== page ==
Barry Lazar: The ferrosilicon in the US mainly origins from Russia, Brazil, Malaysia and other countries as well domestic producers. For the spot market in the US in the last few years, Brazilians supply large quantity of the whole amount in the spot market, and Brazilian ferrosilicon export volume to the US began to decrease earlier this year stimulated by the increased demand from steel mills in Brazil, and the cheap Brazilian offers started to dry up. Additionally, logistics costs escalated especially for container rates and ferrosilicon prices moved sharply up. Additionally, a demand improvement in the European markets also led to more demand from Europe and so ferrosilicon price has risen sharply to its present market price. The major supplier for long-term contracts to this market has been RFA in the last few years, and the Russian Government plans to impose export tariff of 15% for ferrous and non-ferrous metals from August 1th to December 31th. As the largest importer into the US market, the export tariff on Russian ferrosilicon would have an effect on the Russian pricing in the US market. Suppliers are using this to push prices higher.

    Asian Metal:Current prices of ferrosilicon 75%min 10-50mm in the US spot market hover at USD1.45-1.50/lb Si D.D.P (June 20), reaching the highest point in the past 10 years. Do you think the price would go up further?

    Barry Lazar:I do believe prices of ferrosilicon in the North America could still move up higher than this level as we have limited spot business in this market. The scary thing is that almost all traders don't have ferrosilicon stocks in warehouse in USA and so once the producers can't offer or already pre-sold out all outputs then it could be very difficult to locate material. Traders are not speculating at this price level, and they're not bringing in unsold ferrosilicon which means the buffer stock of unsold inventory in the US warehouses has disappeared.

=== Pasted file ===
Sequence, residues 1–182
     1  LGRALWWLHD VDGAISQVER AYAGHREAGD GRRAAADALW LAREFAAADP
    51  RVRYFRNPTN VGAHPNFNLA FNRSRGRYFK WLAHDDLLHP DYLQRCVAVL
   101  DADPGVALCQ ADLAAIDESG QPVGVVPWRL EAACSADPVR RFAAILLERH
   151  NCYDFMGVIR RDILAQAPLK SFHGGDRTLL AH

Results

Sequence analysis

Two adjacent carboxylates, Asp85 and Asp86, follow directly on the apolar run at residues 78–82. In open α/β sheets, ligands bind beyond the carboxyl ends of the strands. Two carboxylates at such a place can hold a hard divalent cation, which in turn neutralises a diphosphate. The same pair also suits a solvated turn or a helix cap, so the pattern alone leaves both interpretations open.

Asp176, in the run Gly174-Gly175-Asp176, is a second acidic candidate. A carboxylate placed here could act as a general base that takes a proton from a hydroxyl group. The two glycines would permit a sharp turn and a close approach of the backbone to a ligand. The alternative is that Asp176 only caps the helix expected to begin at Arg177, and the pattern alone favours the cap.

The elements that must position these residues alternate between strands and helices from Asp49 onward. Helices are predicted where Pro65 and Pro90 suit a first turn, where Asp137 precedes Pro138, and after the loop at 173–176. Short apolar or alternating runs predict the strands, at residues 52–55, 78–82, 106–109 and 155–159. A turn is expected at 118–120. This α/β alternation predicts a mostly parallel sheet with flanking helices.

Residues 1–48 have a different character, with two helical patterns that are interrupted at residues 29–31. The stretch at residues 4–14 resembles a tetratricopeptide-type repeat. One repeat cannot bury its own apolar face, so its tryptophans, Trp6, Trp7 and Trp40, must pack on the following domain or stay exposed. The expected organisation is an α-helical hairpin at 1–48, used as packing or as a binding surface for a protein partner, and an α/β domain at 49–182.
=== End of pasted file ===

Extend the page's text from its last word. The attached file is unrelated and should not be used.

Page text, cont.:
Asian Metal: How do you balance the strong demand and the short spot supply due to the difficulty of replenishing stocks? Are you holding back from selling?

    Barry Lazar:I think most companies now have moved to a back-to-back sales strategy from selling stocks. So if we get an inquiry for ferrosilicon, we are only offering if we have firm support of material. Normal annual customers purchasing based on long-term contracts all seem to be taking large quantities and running hard, which means we have less material for spot opportunities. We are all selling what we have at these prices. For me, the only question is replacement, and we sell back to back on offers, and it's too expensive to contemplate a sales strategy.

    Asian Metal: How do you assess the ferrosilicon demand and price trend in the second half of 2021?

    Barry Lazar:It appears that demand will maintain keeps strong going forward in H2 2021 and we don't see any decrease in demand. The steel production keeps very strong in North America stimulated by the coming in infrastructure bills. So far we don't see a break in the high logistic costs, and demand is strong across many different markets such as steel mill and foundries. We don't see any large negatives although inflation worries are starting to emerge and the inflation will or should have an effect at some stage, and I still believe prices of ferrosilicon 75%min in the US would go up in the second half of 2021.

    Asian Metal: What's your plan of your company for future? Are there any new industries you will be involved in?

    Barry Lazar: We are focusing on maintaining our regular clients and suppliers especially under the world-wide tight spot supply situation. We're always interested in new industries that fit with our current business and explore them if they make sense.

    Asian Metal:Thank you for your time Mr. Lazar.

    Barry Lazar: Thank you.